“To state this argument is to expose its anti-democratic essence”
Jordan Stancil, a former U.S. diplomat, describes how cables get classified, and gets to the heart of it:
The classification rules were supposed to induce openness by requiring cable authors to choose from a list of justifications in the controlling executive order before classifying a document, but in reality, as I saw during my own Foreign Service postings, everybody chooses reasons 1.4(b) and (d)—foreign government information, and foreign activities of the United States. In fact, nearly all officers simply had those justifications pre-pasted into a cable-writing template on their computers. As everyone can now see, almost all the WikiLeaks cables released so far were classified based on reasons 1.4(b) and (d).
There is not a national security reason to keep secret, as a general rule and for an extended period, the interactions between representatives of the US government and representatives of foreign governments. We claim a national security imperative by arguing that foreign politicians would not talk to us if we did not hide what they said from their own constituents and domestic opponents and the governments of third countries. To state this argument is to expose its anti-democratic essence. But this is what Hillary Clinton means when she praises secrecy for permitting what she calls “honest, private dialogue.” She means dialogue among the powerful, safe in the knowledge that they will not be held accountable to their own citizens or legislatures.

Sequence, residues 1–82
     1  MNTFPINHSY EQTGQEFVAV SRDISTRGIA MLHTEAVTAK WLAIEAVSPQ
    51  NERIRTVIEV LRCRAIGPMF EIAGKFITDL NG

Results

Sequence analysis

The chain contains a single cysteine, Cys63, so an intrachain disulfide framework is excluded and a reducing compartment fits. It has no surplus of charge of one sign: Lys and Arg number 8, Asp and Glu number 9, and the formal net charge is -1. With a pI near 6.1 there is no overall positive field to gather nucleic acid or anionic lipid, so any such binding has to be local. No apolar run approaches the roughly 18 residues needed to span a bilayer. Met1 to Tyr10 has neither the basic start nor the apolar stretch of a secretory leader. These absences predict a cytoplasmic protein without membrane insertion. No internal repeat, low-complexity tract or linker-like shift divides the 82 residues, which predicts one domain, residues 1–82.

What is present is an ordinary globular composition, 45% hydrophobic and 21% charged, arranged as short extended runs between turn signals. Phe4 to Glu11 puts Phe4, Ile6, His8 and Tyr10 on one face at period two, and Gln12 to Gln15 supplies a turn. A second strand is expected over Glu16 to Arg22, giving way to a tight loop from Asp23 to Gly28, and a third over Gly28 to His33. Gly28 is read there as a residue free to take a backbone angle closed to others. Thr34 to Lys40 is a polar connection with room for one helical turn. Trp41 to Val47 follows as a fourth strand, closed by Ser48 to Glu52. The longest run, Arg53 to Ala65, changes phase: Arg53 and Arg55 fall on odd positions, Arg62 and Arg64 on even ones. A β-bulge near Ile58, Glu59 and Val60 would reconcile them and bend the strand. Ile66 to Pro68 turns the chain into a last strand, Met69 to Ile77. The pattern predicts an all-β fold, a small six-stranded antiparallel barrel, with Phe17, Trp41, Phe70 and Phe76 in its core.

Or, as the Economist’s Democracy in America blog put it:
The careerists scattered about the world in America’s intelligence agencies, military, and consular offices largely operate behind a veil of secrecy executing policy which is itself largely secret. American citizens mostly have no idea what they are doing, or whether what they are doing is working out well. The actually-existing structure and strategy of the American empire remains a near-total mystery to those who foot the bill and whose children fight its wars. And that is the way the elite of America’s unelected permanent state, perhaps the most powerful class of people on Earth, like it.